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Valuing Public Perceptions of Biophilia Impact on Human Well-Being: 2 Sustainable Building Case Studies from Greece and India

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Part of the Advances in Science, Technology & Innovation book series (ASTI)

Abstract

This study focusses on valuing the ‘green technologies’ of designing and building with nature to encourage a wider dimension to the current ratings and evaluations of effectiveness of ‘green buildings’, by including the perceived impact on human well-being. The authors believe that for buildings to offer a ‘sustainable’ way of living, they must also include the technologies and intelligence to provide what all of life needs to thrive beyond just surviving. This study aims to give a wider understanding of ‘green buildings’ beyond reporting on energy, water and waste, to show a more sophisticated, wider evaluation of sustainable buildings by including the value of subjective perception of individuals’ experience, and, to contribute to changing existing paradigms about how ‘green buildings’ are valued. Other studies conclude that leading bodies for ‘green building’ certification have failed to provide a holistic measure of sustainable buildings. Current environmental measures of ‘green buildings’ conflict with the values of human health and there are conflicting ‘logics’ and technologies with little consensus on what defines a sustainable building. The perceived ‘value’ of the health and well-being benefits of a ‘green building’ appear to be disregarded as a measure of effectiveness; this chapter challenges that view. Findings from questionnaires and testimonials from the public using two green buildings in different countries suggest that people do believe that they experience physical and emotional health benefits from spending time in green buildings. Specifically, it related to their perception of the reduction of stress and anxiety. This suggests that valuing the ‘unmeasurable’ perceived benefits of sustainable buildings on health and well-being, equally alongside quantitative audits and environmental measures, could bring combined societal and environmental benefits. More research and evaluation with larger samples, more complex data collection, over longer time periods in different countries is necessary to build on the initial findings of this novel study. Further research could make an important contribution to greater understanding about the positive impacts of biophilia design for healthcare institutions, education buildings, community spaces, workplaces and homes.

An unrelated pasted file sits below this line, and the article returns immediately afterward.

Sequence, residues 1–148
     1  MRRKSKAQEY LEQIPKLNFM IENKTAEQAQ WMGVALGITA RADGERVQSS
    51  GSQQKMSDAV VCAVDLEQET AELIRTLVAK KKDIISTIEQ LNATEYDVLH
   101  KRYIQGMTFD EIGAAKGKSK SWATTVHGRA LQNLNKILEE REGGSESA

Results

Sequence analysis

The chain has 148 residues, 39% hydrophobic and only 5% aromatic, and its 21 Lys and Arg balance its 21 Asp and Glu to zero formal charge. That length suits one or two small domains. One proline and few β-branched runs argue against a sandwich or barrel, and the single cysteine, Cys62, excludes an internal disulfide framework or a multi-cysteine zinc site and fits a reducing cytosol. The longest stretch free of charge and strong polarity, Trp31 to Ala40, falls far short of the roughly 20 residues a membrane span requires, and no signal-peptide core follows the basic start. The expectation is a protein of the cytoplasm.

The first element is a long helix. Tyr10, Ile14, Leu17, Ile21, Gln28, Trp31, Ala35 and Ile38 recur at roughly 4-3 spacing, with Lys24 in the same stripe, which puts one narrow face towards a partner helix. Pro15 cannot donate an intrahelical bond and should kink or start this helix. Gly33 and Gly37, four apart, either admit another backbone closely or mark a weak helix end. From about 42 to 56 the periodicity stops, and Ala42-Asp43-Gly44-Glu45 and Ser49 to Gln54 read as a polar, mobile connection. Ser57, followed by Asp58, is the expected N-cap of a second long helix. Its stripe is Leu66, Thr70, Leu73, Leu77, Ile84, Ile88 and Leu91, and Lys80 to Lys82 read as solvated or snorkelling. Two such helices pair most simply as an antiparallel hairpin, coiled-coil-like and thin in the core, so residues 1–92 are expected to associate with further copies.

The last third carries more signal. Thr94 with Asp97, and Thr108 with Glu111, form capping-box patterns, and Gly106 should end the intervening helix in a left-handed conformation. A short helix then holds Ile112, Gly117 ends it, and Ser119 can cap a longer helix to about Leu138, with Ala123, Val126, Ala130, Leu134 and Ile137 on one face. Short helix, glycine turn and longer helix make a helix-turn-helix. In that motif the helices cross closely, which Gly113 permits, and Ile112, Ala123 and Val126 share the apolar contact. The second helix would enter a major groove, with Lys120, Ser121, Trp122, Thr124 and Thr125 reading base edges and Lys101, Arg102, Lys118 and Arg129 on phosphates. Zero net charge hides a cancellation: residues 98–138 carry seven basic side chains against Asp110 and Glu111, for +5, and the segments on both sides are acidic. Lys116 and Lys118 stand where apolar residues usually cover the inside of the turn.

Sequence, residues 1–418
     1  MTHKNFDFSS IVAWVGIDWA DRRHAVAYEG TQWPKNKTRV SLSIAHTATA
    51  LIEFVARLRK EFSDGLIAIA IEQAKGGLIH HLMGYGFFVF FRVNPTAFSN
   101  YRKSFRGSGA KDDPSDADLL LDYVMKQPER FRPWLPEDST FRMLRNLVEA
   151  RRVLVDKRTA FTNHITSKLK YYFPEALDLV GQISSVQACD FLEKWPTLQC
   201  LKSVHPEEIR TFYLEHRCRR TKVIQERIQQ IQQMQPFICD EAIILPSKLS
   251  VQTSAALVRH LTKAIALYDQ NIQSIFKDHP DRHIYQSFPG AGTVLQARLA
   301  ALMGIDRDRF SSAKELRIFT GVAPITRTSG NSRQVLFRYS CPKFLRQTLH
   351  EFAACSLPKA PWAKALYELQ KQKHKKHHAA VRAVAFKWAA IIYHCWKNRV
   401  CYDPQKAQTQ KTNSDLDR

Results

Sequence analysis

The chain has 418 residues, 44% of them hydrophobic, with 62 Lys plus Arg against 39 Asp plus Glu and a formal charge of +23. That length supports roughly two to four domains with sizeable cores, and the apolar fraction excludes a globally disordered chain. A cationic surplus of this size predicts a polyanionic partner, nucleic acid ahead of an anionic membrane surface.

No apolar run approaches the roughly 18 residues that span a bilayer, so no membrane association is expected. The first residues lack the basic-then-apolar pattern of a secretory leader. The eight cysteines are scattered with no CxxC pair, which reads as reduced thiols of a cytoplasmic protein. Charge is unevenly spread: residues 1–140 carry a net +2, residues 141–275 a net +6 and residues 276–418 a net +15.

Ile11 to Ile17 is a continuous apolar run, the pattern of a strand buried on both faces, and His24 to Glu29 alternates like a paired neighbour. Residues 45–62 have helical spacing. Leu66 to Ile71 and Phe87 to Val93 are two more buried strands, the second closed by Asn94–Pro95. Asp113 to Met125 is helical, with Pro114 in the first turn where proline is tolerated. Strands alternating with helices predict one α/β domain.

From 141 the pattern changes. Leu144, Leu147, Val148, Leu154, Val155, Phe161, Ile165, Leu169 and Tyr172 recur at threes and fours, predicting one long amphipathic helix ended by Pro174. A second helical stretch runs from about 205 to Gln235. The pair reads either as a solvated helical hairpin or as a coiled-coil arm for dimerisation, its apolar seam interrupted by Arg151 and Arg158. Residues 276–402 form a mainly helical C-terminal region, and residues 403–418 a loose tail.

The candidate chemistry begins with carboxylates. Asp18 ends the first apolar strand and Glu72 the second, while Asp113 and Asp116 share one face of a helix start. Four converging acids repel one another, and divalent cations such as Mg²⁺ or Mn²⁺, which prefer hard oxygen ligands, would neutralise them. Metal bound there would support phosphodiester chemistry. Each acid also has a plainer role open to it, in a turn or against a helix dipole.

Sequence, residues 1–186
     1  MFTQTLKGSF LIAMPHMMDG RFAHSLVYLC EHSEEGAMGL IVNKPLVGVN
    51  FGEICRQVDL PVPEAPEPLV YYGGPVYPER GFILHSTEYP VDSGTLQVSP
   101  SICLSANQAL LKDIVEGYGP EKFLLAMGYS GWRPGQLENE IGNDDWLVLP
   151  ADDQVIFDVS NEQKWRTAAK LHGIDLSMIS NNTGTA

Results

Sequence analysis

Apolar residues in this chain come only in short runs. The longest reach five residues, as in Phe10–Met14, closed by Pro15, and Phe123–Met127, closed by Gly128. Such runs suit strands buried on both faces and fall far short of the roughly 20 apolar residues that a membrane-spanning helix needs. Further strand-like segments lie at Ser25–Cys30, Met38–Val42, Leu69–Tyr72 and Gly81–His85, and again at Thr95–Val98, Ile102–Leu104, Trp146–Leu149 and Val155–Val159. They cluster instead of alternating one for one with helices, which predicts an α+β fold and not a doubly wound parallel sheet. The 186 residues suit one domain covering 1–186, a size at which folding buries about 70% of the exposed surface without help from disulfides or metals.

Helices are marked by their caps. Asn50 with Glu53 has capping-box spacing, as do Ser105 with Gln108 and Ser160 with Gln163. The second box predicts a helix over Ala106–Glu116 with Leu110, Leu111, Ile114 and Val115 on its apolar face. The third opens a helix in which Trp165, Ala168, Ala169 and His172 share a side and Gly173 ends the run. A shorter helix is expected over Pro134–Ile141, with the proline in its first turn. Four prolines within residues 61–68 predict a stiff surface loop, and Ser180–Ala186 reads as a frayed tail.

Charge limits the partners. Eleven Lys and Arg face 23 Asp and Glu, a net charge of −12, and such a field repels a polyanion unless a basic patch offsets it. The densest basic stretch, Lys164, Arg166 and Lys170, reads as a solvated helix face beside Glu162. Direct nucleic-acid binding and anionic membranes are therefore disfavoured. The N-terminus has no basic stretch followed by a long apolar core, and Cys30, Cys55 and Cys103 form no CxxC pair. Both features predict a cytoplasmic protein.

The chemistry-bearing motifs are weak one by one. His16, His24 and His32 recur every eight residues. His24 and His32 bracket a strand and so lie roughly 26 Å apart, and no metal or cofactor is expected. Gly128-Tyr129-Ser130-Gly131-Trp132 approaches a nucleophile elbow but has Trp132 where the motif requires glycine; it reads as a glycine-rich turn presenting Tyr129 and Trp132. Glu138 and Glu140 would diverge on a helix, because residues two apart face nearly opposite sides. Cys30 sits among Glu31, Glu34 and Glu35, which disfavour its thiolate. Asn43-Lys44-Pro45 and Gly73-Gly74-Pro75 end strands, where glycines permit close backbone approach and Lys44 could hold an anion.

Keywords

  • Biophilia
  • Bioclimatic
  • Green building
  • Sustainability
  • Health
  • Nature
  • Greece
  • India
  • Placebo

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Disclosure Statement

The authors declare S. M. Jackson as the owner of ESA and T. Doshi as an architect of Sharanam.

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Appendices

Appendix 1: Survey Questionnaire

figure a

Appendix 2: NVIVO Word Cloud from Analysis of Respondents’ Text

figure b

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Jackson, S.M., Singh, L., Doshi, T. (2021). Valuing Public Perceptions of Biophilia Impact on Human Well-Being: 2 Sustainable Building Case Studies from Greece and India. In: Trapani, F., Mohareb, N., Rosso, F., Kolokotsa, D., Maruthaveeran, S., Ghoneem, M. (eds) Advanced Studies in Efficient Environmental Design and City Planning. Advances in Science, Technology & Innovation. Springer, Cham. https://doi.org/10.1007/978-3-030-65181-7_16

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